Businesses buy and sell items and services. It is necessary to keep a track of both the flow of goods and the flow of money in order to be able to account for the resources involved.
In times gone by the authorities might have taxed farmers by way of 20% of the goods produced. Modern governments have devised a number of ways of taxing people and businesses.
The following are common forms of taxation
Thus taxes are commonly imposed on
- Income tax on the profits made by businesses
- Income tax on personal income
- Social security taxes
- Turnover tax - such as 0.5% of all sales made
- Value added taxes (VAT) - such as 15% of a wide range of goods and services
- Property taxes
With the Government imposing these and other taxes businesses must be able to price goods in such a manner that they can operate profitably.
In summary Accounting monitors the flow of
Goods generally come from two main sources
- Money for business operations
- Money for taxation
- Local - the local currency is used
- Foreign - different currencies are used
The operation of a modern society is governed by laws. Governments often invent new laws and tinker with others.
The Laws of particular relevance to business operations include the following
Laws are generally designed to make the operation fair and just.
- Labour laws
- Taxation laws
- Income Tax
- Stamp Tax
- Customs Duties and Excise taxes
- Business Incentives
- Fair Trading Practices
- Law of Contract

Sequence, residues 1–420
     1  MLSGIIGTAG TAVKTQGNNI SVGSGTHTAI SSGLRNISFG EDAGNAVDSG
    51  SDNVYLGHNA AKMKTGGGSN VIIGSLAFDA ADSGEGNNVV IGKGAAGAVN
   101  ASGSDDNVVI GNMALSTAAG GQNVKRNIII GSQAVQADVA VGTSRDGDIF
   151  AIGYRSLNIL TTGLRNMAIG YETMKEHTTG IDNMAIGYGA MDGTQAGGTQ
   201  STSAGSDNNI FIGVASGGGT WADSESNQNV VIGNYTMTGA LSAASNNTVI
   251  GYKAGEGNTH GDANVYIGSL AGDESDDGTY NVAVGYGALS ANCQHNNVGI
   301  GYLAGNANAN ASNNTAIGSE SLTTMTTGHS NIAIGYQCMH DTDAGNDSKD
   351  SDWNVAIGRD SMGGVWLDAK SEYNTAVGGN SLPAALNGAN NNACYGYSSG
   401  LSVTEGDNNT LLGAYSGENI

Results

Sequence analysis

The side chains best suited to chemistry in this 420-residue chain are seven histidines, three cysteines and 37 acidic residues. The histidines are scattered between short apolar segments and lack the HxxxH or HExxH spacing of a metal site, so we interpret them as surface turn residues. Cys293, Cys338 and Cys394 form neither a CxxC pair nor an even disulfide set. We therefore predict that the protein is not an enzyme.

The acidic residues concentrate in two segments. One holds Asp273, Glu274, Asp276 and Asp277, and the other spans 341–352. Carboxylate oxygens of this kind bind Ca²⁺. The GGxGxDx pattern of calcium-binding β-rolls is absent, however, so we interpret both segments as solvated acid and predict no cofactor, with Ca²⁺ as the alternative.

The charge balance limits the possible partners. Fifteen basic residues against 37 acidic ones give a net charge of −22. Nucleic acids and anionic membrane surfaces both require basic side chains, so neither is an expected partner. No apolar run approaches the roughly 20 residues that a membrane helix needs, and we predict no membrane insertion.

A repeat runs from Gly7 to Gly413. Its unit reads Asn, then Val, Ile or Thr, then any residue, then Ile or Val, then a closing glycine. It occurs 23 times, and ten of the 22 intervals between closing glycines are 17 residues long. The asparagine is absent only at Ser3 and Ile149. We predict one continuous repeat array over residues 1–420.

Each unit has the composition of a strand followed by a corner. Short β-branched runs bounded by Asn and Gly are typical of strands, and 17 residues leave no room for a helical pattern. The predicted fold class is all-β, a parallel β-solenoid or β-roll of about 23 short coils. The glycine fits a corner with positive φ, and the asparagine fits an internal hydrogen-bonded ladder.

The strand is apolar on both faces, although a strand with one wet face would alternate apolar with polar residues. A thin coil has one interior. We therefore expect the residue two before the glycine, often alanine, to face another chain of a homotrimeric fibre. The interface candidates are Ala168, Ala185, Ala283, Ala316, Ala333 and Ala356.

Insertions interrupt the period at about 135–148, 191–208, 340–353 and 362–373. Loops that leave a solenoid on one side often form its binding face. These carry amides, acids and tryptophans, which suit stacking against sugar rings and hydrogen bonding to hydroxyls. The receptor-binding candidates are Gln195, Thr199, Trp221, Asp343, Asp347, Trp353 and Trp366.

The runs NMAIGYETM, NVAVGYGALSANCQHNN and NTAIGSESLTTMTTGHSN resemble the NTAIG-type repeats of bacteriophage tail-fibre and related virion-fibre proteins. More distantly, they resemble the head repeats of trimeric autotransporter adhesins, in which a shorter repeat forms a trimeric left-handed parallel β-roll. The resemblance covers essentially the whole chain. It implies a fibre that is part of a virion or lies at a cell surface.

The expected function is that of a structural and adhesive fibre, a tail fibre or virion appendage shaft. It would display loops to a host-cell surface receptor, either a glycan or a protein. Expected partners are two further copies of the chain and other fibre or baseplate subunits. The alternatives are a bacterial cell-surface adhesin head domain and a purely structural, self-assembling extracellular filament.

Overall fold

- Business Ownership
- Sole trader
The Role of the Accountant
Accountants need to become knowledgeable in all areas of business law as they are generally called upon by their clients to give them business advice to it is necessary for them to have a clear understanding of what the law allows and what the law does not allow so that give correct guidance.
Accountants generally come at two or three levels
Sources of Information
- Consultant - such as Chartered Accountants and external auditors
- Internal accountants and auditors
- Account managers and clerks
Whenever goods are received documentation will generally accompany them detailing quantities and values - Invoices.
Generally on a monthly basis firms extending credit to customers will send statements showing goods purchased, payments made and the balance owing - Statments.
Businesses are best advised to bank all money received and to pay for all services and purchase by chequeas this yields a very good easy-to-follow paper-trail of income and expenditure prepared by a 3rd party - The Bank.
Inevitably smaller businesses pay for some items with cash from the till. They should have a proper petty cash system in place where a slip showing the amount withdrawn from the till is placed in the till. At the end of the day the cash plus the value recorded on the slips plus the value of items charged to accounts should come to the same total for the day as the value of the sales plus money received for the reduction of account balances of customers. In fact it's a good idea to keep money from new sales and that paying for past sales separate prior to banking. (Record them separately when banking.)
Thus - in relation to sales we are seeing 3 sources of information
In relation to the following
- Bank records
- Daily cash and petty cash withdrawal amounts and totals
- Daily sales and Daily client account receipts
- Purchases of goods and services
- Salaries and Wages
- Office Supplies
- Utility payments
- Other operating costs
there should be
- Cheque and matching Bank records
- Petty Cash purchase records
- Calculations of Wage related payments
- Invoices and statements relating to goods and services
- Taxation Forms
The number one rule is - keep all documentation for at least 6 years - after that no-one can sue you although the tax department can dig back deeper into the past.